Black Feathers – Dark Avian Tales: An Anthology
Edited by Ellen Datlow
Pegasus Books Ltd.
Released February 5, 2017
Reviewed by Brian James Lewis

At first glance, some might not take the concept of a dark fiction anthology featuring birds too seriously. That’s because they’re just imagining some cheerful cheeping birds like Chickadees gathering to enjoy some sunflower seeds. Right. Well, we’re not talking about them. The stories in Black Feathers are about birds who kill and eat flesh. Birds that watch and wait for something to make an opportunity for them don’t have time for frivolous twittering. They are predators, so do not be fooled! Your sanity is very much at stake here.

This anthology starts with the perfectly placed poem, O Terrible Bird by Sandra Kasturi. Between that and short story The Obscure Bird by Nicholas Royle, we are shown that nothing is solid. Strange things can happen when the normal balance shifts and birds are present. Things like human husbands turning into owls, for example. But, Black Feathers is a trippy book that flips reality upside down so that wrong things are right and vice-versa. In the Pigeon from Hell by Stephen Graham Jones, a teenager kills the little boy that her friend is supposed to be babysitting. She gets away with it, too. Or does she? A certain magical pigeon might change all that.

Joyce Carol Oates contributes Great Blue Heron to this anthology. Oates writes with such power that I found myself feeling very upset about Claudia’s plight. She is recently widowed and is unfortunate to have “a scavenger bird” of a brother-in-law. He is always pushing, prying, and forcing himself upon this woman who is exhausted from all the details of death. Just as many pairs of birds mate for life, so had she with her late husband. Without him, everything is off balance. People are idiots, well-meaning or otherwise. All their fluttering is confusing and a burden. Returning phone calls, fending off pleas to let them “help.” That’s the problem, all she and her late husband did was try to do right by everyone. Claudia isn’t finding that to be satisfying at all. She doesn’t want to be boxed in or held tight! Claudia wants to be free and strong, not part of a flock. She’ll spread her wings and counter-attack with her sharp beak! Soon, a large dangerous bird is putting nasty humans in their place. Is it possible that Claudia has become a great blue heron, along with her husband?

Can humans turn themselves into birds? Should they? In Isobel Avens Returns to Stepney in the Spring by M. John Harrison, we have a tale of genetic engineering gone too far and life gone wrong. While in The Season of the Raptors by Richard Bowes, the narrator’s mind is taken over by raptors until he is driven to worship them. The story is full of freaky events that may or may not be dreams. Maybe people are just looking for real meaning in a world that’s gone too techno? These kinds of tales give this collection a Noir type of feel. Things fade in and out of focus-Is it night or day? The reader has to make the call and the feelings you get are ones of unease.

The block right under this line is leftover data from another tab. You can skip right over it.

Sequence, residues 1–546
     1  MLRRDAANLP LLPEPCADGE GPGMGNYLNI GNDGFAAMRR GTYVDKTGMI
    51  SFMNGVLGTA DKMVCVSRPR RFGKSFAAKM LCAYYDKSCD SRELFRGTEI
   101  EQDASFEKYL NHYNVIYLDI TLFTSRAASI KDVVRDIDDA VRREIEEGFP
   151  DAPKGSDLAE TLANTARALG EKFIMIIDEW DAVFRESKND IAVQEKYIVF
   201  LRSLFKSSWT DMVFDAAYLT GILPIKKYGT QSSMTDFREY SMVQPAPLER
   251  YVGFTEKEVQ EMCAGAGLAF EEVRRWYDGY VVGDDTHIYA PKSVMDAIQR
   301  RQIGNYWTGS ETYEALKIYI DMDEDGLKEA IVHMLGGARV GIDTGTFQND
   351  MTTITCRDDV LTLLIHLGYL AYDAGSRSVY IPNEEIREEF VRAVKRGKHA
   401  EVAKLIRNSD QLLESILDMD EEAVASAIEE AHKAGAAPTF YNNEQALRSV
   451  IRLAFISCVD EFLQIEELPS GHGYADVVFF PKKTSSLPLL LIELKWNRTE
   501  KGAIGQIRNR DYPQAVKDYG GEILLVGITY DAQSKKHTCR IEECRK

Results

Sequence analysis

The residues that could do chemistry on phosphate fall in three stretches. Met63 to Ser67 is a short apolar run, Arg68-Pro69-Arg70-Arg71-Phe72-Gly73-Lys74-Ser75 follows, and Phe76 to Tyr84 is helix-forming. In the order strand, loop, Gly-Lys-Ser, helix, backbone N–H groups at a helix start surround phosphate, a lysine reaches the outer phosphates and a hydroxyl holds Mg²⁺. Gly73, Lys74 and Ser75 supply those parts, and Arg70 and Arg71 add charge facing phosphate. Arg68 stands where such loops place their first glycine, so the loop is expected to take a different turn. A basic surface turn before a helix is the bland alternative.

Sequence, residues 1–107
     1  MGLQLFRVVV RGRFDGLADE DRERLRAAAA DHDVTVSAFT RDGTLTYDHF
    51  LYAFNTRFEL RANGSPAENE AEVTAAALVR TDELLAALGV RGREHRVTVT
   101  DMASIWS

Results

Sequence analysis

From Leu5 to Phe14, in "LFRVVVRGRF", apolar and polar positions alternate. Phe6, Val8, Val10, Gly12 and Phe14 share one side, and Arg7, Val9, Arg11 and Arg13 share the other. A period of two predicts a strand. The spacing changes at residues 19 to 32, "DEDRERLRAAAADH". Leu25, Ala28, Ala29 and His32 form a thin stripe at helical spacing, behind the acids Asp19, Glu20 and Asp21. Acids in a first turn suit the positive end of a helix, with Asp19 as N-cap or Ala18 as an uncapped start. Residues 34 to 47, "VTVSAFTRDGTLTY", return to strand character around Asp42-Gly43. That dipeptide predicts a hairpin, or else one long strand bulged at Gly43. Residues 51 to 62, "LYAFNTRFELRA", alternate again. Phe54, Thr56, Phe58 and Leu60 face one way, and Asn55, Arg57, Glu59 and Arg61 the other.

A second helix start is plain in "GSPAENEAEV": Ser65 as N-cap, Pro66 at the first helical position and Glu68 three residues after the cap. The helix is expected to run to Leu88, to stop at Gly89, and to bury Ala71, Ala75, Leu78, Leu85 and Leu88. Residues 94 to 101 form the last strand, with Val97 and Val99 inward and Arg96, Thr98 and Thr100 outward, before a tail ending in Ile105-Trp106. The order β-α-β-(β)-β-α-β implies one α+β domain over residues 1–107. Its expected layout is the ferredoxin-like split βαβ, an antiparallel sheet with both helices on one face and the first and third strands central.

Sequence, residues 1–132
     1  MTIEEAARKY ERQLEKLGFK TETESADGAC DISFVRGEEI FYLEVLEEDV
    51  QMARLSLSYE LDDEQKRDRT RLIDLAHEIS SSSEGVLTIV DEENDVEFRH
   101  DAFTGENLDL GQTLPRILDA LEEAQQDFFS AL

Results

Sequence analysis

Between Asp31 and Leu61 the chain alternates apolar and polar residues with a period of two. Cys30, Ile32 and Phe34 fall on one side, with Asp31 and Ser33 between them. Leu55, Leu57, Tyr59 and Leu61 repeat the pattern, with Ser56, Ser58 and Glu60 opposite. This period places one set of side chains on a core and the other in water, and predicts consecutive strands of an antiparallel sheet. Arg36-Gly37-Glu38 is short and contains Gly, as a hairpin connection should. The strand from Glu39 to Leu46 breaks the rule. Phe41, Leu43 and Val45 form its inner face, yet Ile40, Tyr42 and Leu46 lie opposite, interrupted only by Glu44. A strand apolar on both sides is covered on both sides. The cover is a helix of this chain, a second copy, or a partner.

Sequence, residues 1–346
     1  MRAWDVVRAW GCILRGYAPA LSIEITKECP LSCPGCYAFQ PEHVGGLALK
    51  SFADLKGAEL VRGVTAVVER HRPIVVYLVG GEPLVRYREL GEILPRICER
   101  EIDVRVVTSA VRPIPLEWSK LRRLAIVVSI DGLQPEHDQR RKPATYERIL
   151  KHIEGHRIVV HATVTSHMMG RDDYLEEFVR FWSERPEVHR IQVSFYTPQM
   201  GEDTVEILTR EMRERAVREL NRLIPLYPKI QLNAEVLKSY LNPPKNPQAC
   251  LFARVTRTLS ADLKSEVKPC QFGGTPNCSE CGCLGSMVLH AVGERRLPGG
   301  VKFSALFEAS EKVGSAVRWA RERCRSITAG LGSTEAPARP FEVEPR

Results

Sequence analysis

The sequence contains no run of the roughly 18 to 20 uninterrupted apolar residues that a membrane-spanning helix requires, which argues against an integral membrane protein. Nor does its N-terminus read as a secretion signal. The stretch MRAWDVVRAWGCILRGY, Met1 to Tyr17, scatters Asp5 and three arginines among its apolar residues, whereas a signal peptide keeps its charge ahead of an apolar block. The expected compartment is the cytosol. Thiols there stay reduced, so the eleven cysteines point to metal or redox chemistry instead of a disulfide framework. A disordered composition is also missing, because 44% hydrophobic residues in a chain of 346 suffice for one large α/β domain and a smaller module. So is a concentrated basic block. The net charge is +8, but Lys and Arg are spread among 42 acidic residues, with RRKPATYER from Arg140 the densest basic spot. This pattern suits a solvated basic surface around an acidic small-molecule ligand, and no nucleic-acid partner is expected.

Drifty, feathery, scary, and twisty. Maybe birds have hollow bones to allow them to fly, but Black Feathers is a dense volume that definitely takes time to read through and digest. Especially when drugs are thrown into the mix, as they are in The Acid Test by Livia Llewellyn. Want to take an acid trip without taking acid? Then read this story and let it warp your brain into a new form. Maybe you’ll even make it into the purple room…Mental illness has a similar effect, as in The Mathematical Inevitability of Corvids by Seanan McQuire. A young girl counts corvids to make sense of her world and when the only thing good in it is subtracted, she needs to do some subtraction of her own.

I really like Black Feathers and encourage all of our readers to give it a try! When an award-winning editor puts together such an interestingly themed collection of stories together, you know that it’s got to be good! While avian knowledge will be helpful for reading and understanding some things a little quicker, it is not required. So don’t be shy! Step right up and grab a copy of this fantastic book before they all fly off the shelves!



About Brian J. Lewis

Brian James Lewis is a published poet and writer who enjoys reviewing speculative fiction and dark poetry. With all the great emerging writers, magazines, and presses, it is exciting to be part of this growing community! Word of mouth and keyboard is more important than it’s ever been, because readers want to know about books before they buy. It makes Brian feel great to see writers he’s reviewed become successful and their work go on to win awards! Whatever happens, he’s always glad to offer encouragement and increase visibility of writers who trust him with their work. You can catch up with Brian on Twitter @skullsnflames76 or on his WordPress blog